when the credit card bill is paid.

Warning: Don’t let tax considerations get in the way of sound business decisions. For example, the negative impact of these strategies on your cash flow or customers may not be worth the potential tax benefit.

Taking the opposite approach. If your business is a flow-through entity and it’s likely you’ll be in a higher tax bracket next year, accelerating income and deferring deductible expenses may save you more tax over the two-year period.

Depreciation

For assets with a useful life of more than one year, you generally must depreciate the cost over a period of years. In most cases, the Modified Accelerated Cost Recovery System (MACRS) will be preferable to other methods because you’ll get larger deductions in the early years of an asset’s life.

But if you make more than 40% of the year’s asset purchases in the last quarter, you could be subject to the typically less favorable midquarter convention. Careful planning can help you maximize depreciation deductions in the year of purchase.

Other depreciation-related breaks and strategies may be available and, in many cases, have been enhanced by the TCJA:

Section 179 expensing election. This allows you to deduct (rather than depreciate over a number of years) the cost of purchasing eligible new or used assets, such as equipment, furniture, off-the-shelf computer software, and, under the TCJA, qualified improvement property, certain depreciable tangible personal property used predominantly to furnish lodging, and the following improvements to nonresidential real property: roofs, HVAC equipment, fire protection and alarm systems, and security systems.

For qualifying property placed in service in 2019, the expensing limit is $1.02 million. The break begins to phase out dollar for dollar when asset acquisitions for the year exceed $2.55 million. (These amounts are annually adjusted for inflation.)

Bonus depreciation. This additional first-year depreciation is available for qualified assets, which include new tangible property with a recovery period of 20 years or less (such as office furniture and equipment), off-the-shelf computer software, and water utility property. But due to a drafting error in the TCJA, qualified improvement property will be eligible for bonus depreciation only if a technical correction is issued. (Check with your tax advisor for the latest information.)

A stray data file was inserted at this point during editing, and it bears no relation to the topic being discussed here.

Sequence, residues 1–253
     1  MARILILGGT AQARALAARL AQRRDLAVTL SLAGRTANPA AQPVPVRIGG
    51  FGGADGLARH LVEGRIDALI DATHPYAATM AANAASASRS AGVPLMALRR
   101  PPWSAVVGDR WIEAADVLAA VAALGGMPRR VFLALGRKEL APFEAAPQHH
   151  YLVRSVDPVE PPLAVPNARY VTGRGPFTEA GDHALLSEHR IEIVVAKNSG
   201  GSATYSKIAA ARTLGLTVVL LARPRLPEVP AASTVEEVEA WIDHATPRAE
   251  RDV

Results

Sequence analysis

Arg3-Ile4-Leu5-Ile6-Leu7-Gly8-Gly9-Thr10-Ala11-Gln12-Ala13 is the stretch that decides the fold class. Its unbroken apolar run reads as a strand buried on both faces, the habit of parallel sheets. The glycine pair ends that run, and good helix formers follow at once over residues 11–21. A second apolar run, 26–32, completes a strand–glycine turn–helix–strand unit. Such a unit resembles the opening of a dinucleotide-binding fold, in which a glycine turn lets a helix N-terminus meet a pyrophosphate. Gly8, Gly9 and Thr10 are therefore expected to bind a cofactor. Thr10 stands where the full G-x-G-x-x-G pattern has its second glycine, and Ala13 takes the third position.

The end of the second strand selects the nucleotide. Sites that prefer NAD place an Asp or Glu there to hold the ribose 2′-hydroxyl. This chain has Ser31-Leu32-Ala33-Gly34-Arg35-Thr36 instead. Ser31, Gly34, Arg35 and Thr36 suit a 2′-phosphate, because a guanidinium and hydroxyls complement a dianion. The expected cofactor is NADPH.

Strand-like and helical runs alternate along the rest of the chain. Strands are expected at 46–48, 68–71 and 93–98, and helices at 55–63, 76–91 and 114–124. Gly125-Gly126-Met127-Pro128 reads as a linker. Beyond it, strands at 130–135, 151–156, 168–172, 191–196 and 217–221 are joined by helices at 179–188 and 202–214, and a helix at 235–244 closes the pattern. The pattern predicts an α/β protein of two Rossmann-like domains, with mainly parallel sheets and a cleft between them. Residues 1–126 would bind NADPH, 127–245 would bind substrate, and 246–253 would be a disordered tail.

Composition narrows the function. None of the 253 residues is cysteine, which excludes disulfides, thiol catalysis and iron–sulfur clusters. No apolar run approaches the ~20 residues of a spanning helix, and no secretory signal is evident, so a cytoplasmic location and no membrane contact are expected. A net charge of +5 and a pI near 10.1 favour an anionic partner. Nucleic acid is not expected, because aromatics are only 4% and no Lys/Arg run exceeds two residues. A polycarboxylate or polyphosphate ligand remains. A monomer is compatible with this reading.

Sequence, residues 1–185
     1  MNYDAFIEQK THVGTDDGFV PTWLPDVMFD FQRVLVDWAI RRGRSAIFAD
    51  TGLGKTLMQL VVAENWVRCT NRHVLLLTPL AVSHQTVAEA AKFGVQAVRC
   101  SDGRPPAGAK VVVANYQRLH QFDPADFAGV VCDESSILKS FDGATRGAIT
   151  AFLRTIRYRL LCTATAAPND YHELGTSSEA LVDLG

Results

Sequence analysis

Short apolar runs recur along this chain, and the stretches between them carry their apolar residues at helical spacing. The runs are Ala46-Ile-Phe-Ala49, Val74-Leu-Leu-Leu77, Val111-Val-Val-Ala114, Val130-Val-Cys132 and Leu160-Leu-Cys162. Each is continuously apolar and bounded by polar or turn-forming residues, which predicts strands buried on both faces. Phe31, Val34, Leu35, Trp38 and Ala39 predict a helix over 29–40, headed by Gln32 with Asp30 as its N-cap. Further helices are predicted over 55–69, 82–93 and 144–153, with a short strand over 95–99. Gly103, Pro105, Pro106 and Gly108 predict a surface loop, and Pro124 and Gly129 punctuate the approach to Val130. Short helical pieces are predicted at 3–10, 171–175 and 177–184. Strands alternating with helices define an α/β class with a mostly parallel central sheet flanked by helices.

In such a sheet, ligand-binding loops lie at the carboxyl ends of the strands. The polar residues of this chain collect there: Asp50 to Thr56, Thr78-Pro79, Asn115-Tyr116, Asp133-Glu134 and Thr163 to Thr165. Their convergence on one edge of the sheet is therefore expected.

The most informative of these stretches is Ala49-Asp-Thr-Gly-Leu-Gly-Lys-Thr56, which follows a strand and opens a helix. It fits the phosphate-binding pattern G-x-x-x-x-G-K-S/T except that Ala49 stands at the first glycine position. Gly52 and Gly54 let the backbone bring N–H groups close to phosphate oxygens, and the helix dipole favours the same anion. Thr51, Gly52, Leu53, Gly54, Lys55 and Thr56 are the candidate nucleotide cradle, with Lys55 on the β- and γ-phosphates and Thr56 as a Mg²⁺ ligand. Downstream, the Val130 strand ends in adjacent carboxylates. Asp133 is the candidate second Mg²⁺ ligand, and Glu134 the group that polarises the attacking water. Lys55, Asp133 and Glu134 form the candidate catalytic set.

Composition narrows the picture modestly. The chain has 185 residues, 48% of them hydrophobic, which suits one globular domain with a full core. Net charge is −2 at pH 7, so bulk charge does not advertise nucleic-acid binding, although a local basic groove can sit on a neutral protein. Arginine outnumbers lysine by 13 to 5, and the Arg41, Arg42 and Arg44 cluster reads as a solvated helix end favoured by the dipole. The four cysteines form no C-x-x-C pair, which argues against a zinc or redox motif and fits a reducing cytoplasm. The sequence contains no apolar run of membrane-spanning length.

Under the TCJA, through Dec. 31, 2026, the definition has been expanded to include used property and qualified film, television and live theatrical productions. For qualified assets placed in service through Dec. 31, 2022, bonus depreciation is 100%. For 2023 through 2026, bonus depreciation is scheduled to be gradually reduced. For certain property with longer production periods, these reductions are delayed by one year.

Case Study: De-mystifying Vehicle-Related Deductions

Julia is considering buying some new vehicles for her business this year. She wants to know how the tax breaks available to her might be affected by the type of vehicle she buys or how the vehicle is used. So she consults her tax advisor.

He tells Julia that purchases of new or used vehicles may be eligible for Sec. 179 expensing, and she may want to buy a large truck or SUV to maximize her  deduction. The normal Sec. 179 expensing limit (see page 16) generally applies to vehicles with a gross vehicle weight rating of more than 14,000 pounds. A $25,000 limit applies to vehicles (typically SUVs) rated at more than 6,000 pounds, but no more than 14,000 pounds.

But even if Julia prefers to buy a smaller vehicle, she can still potentially enjoy a valuable first-year deduction. Vehicles rated at 6,000 pounds or less are subject to the passenger vehicle limits, and for 2019 the first-year depreciation limit is $18,000 ($10,000 plus $8,000 bonus depreciation). Julia’s advisor also explained that, if she uses a vehicle for business and personal purposes, the associated expenses, including depreciation, must be allocated between deductible business use and nondeductible personal use. He also warns her that, if business use is 50% or less, she won’t be able to use Sec. 179 expensing or the accelerated regular
MACRS; she’ll have to use the straight-line method.


Warning: Under the TCJA, in some cases, a business may not be eligible for bonus depreciation. Examples include real estate businesses that elect to deduct 100% of their business interest and dealerships with floor-plan financing if they have average annual gross receipts of more than $25 million for the three previous tax years.